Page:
A Sorta Fairy Tale

By: Tammy

Rating: PG-13? Slashage.

Summary: I stared at Bernie!fic for too long. This ditty is all about losing the big V. Well, Petr is losing it.

AN: 2nd person pov. Jason POV. Pretend Petr was a virgin when he joined the Devils. Pretend Arkora could ever be happy.

Once upon a time--and isnít that how it always starts? The stories, the fairy tales, the words that drip like honey from your lips--disgustingly sweet, but so smooth and oozing, and flowing, and too much can be a bad thing, but just a bit and theyíre all craving more. Because everybody wants a fairy tale; everybody deserves a fairy tale.

It wasnít like that for you. Neither time, because you had two, and werenít you lucky? You had the chance to make the second better, to find your prince, and make up for the frog the first go-around, but it wasnít so much the fact that she was a frog but that she was a Ďshe.í You were fourteen then, and that seems so young now, and you remember her face above you, glowing and golden and her hair was blonde like Teenaís. Teena was your best friendís little sister.

Sheís dead now. She was then too, but you werenít thinking about that then. You were imagining Adam, and it was over before it started--the sex, and the crush, and it creeps you out now thinking about it. Not your thing for Adam, but the sex, because youíre supposed to remember your first time, but itís all a little hazy for you and youíre thinking she might have been your babysitter.

You carried the memory of blonde hair, and a halo of gold around a fuzzy face for a long time, until your second-first-time. You remember that first time. In excruciating, painful detail. It was all details, and you recall his name, his clothes, the mole on the back of his hand, and the feeling of hotel sheets and their thin cotton threads being ground into your hips. You could give play-by-play, and you know the bark on every tree, can name each type, but you missed the forest--more scientist than knight in shining armor.

He coaxed tears from your dry eyes, but it wasnít the pain--that was awkward, but it was thinking about Adam, and the funeral, and how you really loved hockey. Your thoughts werenít quite non-sequitur because on some level all hockey players think about hockey at all times, and Adam used to be your best friend, and this guy--whose name you recall only too well--was your new best friend, and when you thought about Adam you always thought about the funeral because you just did, and it was the first big thing in your life until you lost your virginity, and then you realized that it still was.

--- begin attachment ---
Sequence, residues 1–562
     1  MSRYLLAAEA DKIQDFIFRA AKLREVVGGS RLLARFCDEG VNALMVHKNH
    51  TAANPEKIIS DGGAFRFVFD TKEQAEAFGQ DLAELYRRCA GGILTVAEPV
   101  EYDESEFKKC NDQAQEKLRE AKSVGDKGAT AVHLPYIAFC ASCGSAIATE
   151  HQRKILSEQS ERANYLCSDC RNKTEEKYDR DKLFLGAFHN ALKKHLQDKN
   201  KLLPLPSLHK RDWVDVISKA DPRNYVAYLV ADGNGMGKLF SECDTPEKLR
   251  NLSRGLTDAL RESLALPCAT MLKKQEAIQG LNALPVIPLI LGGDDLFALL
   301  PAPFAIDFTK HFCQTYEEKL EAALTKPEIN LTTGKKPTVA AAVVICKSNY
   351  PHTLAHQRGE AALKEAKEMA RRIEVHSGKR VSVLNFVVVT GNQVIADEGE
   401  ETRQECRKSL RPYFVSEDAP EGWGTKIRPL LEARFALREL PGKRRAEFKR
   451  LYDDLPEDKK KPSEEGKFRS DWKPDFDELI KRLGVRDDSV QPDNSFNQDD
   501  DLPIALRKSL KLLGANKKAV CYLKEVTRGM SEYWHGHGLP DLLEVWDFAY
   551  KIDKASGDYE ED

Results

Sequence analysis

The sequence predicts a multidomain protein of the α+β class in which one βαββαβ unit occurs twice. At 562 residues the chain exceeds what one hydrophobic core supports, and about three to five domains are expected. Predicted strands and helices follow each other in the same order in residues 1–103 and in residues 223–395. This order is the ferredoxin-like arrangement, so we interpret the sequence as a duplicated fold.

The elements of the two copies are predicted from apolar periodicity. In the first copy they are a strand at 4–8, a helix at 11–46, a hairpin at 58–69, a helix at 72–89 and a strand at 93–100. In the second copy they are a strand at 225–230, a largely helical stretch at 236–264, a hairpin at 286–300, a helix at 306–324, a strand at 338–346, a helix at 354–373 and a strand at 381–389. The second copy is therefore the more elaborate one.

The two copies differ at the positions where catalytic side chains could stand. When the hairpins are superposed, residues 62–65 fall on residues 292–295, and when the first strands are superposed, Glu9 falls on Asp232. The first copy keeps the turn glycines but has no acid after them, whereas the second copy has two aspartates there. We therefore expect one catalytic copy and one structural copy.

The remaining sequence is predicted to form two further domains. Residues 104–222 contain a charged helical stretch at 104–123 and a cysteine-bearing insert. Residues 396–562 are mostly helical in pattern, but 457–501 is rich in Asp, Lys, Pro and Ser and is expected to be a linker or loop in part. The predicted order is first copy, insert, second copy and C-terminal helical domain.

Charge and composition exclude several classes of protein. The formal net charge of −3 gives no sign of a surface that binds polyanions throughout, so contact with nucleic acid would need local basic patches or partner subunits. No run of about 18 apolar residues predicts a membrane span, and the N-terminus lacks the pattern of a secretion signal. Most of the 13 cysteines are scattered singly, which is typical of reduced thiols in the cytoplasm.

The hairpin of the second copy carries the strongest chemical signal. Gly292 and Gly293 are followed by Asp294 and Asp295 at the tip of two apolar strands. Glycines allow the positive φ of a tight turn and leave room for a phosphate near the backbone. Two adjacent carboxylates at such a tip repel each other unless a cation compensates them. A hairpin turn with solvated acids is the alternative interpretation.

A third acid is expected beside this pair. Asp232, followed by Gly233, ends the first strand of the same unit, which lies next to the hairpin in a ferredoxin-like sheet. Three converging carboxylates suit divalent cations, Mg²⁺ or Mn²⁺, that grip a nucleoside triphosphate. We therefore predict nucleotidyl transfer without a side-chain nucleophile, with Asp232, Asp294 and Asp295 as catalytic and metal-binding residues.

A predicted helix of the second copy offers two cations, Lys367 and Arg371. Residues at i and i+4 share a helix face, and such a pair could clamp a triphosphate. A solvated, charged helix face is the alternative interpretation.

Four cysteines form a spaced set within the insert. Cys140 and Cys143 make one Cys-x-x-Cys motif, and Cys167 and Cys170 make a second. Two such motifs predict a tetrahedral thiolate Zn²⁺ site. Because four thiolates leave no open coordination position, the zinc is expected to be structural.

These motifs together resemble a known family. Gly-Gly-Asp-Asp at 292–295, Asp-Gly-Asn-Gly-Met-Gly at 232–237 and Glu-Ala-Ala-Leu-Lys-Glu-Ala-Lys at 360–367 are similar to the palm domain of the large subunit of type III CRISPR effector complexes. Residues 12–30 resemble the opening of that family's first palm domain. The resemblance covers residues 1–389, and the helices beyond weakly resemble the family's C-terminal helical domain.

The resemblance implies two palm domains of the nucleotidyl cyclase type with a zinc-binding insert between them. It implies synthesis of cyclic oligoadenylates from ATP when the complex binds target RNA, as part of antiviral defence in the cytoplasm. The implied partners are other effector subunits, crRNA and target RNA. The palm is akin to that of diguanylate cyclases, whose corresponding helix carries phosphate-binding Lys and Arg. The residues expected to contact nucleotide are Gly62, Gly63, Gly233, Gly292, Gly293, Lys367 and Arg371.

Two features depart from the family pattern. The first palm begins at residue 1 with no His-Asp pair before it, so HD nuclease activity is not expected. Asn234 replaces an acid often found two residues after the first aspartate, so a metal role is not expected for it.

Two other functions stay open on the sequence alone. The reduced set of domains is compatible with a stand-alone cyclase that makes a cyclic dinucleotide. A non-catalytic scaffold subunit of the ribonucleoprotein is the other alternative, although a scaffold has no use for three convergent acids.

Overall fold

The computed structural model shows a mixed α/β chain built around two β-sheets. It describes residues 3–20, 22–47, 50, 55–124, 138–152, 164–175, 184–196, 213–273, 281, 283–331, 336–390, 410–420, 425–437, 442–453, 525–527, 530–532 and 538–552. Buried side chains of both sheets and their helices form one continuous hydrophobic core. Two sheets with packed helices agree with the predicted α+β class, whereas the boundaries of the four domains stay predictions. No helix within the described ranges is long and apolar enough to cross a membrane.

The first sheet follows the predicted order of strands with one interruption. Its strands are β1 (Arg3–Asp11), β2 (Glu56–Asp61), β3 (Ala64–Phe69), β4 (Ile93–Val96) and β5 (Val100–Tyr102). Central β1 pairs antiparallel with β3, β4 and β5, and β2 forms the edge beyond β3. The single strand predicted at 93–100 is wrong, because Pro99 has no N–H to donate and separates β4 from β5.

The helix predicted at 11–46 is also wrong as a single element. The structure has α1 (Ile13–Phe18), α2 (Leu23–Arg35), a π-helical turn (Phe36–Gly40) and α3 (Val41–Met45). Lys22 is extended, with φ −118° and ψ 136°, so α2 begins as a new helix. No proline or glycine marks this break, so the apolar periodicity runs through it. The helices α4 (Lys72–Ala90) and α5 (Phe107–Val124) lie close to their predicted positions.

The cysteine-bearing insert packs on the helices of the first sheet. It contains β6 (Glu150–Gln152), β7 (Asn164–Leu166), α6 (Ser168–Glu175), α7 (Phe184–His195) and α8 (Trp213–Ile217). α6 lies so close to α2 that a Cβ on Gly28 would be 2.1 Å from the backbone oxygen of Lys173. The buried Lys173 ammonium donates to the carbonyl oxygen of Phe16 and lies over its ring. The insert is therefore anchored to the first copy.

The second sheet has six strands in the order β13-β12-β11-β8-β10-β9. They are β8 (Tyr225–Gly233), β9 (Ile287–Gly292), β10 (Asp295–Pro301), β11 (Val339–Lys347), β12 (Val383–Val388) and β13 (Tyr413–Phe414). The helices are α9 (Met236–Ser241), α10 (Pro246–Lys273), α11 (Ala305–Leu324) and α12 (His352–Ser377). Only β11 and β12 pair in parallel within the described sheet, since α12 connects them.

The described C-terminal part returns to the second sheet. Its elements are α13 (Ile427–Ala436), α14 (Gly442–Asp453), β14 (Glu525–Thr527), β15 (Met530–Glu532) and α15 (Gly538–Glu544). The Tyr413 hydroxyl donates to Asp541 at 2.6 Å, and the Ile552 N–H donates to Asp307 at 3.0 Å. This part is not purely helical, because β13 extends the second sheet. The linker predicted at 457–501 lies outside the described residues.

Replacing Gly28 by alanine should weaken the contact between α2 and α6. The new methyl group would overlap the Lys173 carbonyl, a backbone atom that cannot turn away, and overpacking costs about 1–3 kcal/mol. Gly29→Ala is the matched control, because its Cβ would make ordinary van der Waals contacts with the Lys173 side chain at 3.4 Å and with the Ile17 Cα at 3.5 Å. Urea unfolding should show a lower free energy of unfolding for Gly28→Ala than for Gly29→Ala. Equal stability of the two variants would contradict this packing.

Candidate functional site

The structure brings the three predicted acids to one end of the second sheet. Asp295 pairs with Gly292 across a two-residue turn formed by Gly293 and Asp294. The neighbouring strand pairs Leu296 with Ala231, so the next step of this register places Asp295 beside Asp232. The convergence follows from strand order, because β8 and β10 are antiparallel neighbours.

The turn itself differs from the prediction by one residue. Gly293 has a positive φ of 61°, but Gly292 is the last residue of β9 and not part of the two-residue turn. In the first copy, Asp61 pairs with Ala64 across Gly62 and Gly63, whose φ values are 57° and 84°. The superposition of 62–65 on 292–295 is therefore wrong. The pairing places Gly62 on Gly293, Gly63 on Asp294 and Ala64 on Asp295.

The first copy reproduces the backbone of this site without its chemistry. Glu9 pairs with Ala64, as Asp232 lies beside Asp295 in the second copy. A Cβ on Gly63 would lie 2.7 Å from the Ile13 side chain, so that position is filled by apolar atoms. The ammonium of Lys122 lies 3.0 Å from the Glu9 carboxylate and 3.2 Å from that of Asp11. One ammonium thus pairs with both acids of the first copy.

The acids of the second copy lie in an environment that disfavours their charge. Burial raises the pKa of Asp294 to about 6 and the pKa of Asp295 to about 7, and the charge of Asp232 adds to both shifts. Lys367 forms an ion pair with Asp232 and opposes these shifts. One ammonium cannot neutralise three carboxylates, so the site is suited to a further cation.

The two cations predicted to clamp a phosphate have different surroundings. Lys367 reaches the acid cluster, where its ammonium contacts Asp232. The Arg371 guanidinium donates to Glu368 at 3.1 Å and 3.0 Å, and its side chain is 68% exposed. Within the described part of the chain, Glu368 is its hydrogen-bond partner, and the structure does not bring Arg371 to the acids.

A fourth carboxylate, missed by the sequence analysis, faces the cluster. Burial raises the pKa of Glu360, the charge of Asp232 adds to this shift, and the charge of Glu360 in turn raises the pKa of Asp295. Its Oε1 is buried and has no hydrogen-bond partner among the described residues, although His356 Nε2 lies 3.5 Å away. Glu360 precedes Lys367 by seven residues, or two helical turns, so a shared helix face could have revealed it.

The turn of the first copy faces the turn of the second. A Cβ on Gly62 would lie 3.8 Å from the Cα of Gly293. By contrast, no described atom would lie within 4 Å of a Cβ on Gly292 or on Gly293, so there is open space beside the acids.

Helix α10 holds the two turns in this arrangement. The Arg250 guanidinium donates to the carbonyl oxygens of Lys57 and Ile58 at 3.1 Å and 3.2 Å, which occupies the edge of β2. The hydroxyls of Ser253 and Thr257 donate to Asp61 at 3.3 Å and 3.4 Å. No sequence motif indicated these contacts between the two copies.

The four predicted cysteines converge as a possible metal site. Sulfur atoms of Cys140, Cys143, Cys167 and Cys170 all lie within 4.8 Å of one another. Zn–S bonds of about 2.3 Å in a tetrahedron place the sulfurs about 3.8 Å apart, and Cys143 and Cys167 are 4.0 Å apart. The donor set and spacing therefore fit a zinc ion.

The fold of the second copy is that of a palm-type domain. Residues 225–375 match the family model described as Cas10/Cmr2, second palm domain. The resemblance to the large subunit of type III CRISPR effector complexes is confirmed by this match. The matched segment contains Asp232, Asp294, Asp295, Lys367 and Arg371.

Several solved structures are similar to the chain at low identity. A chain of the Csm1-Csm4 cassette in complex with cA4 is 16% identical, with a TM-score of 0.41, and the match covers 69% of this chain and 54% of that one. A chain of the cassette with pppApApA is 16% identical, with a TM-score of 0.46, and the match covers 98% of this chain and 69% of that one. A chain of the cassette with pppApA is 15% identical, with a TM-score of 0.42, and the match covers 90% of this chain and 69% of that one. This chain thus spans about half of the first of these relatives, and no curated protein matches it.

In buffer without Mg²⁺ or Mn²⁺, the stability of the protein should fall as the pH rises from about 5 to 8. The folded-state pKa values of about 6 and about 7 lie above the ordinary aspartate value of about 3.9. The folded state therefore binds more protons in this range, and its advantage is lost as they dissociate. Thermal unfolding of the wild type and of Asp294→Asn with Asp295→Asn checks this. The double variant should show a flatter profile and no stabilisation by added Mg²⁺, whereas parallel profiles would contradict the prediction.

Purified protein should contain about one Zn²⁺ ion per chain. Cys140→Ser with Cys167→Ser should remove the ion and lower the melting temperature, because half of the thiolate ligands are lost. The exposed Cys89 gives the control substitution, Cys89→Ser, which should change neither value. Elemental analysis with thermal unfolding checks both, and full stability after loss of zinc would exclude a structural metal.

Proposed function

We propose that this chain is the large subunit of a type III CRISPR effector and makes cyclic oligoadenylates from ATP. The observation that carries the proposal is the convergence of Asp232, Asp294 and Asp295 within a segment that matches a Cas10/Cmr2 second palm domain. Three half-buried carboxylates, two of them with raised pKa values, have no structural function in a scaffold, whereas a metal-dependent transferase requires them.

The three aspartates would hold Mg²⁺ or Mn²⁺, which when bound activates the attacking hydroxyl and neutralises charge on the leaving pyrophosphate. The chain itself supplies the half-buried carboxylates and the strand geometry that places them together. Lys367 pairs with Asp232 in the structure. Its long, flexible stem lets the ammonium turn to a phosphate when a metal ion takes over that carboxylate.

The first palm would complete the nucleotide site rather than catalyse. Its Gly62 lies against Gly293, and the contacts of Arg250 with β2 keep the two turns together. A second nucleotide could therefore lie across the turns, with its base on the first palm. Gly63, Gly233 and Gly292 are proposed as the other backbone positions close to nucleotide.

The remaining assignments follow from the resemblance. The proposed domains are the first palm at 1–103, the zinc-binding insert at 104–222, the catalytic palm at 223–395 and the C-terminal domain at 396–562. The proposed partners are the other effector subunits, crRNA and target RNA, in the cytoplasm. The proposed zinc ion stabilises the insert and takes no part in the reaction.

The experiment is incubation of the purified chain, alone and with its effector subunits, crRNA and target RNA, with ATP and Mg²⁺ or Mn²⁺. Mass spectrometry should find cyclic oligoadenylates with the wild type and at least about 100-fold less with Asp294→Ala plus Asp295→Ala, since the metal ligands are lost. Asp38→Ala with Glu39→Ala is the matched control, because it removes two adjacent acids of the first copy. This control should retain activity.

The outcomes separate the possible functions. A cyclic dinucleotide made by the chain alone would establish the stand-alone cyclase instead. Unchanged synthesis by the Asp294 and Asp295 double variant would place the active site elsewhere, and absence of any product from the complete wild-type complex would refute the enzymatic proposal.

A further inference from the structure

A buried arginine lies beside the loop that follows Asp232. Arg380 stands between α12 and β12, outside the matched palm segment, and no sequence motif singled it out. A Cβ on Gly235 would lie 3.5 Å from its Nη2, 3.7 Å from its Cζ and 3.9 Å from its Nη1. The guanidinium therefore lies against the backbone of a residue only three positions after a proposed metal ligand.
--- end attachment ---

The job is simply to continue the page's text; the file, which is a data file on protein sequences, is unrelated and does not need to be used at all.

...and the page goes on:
Losing your virginity was a big thing, but not, because it didnít change you, but you wanted it to, so the second time around when it didnít it was a big let down. Maybe he could see the disappointment in your eyes, maybe he thought you werenít impressed, maybe he was just an asshole, but afterwards he wasnít your best friend anymore, and on some level perhaps that bothered you, but mostly you were glad that he was leaving you alone. Fairy tales are meant to be told, but misery tales should be kept to oneself.

When Petr asked about your first time, you made up some story about your next door neighbor or a boyfriend, or maybe a coach--something quaint or outlandish so that you wouldnít mumble on about fuzzy golden faces or what it felt like to memorize freckles and birthmarks in an attempt to create intimacy, propinquity, or just attach meaning to something that had become so trivial over the years.

Ah, yes, it began once upon a time, but before the happily ever after there were fourteen hundred fucks, hundreds of tricks, and too many different kinds of sheets to count.

Petr hadnít believed you like you hadnít believed the one about Hansel and Gretel. Because what stupid kid ate a witchís house and got caught? And who would use bread crumbs to mark a trail? You smiled, not saying anything. An attempt at ambiguity, or mystery, but mainly because you were thinking. You wanted to give him a fairy tale.

So here you are, whispering words, and he deserves them more than anyone; he deserves this fairy tale. He deserves it because you say so.

Frogs transform with your kisses, and caresses transcend, and the ugly duckling is beautiful because heís with his family, heís home, and Petr is your home, and when you breathe him in, he smells like porridge and itís just right, and youíre tangling your fingers in hair thatís not quite as long as Rapunzelís but just as soft, and you want to keep your first born so you call out three times PetrÖ PetrÖ PetrÖ

This is supposed to be his fairy tale, but you messed it up. You stole it, snatched it away from him, and maybe thatís what she did and what he did too. You werenít quite hollow afterwards, but more empty than before, with a little something missing, and you thought it was just your virginity, but maybe it was your fairy tale too. You have it back, now; you stole it from him.

He kisses you and you canít give it back, you canít turn back time, you canít shake Hansel and Gretel and tell them bread crumbs arenít a good idea. Theyíre too fleeting, too soft, too likely to be stolen and eaten, unlike the cold, hard pebbles they should have used to mark their trail.

It all worked out for them, though. Gretel pushed the witch into the stove, and she shut the door. Slammed the cast-iron door and listened to it securely latch, and she and Hansel left, never to look back.

And youíre thinking, lying next to him, you stole his fairy tale, but maybe you can share the happily ever after with him.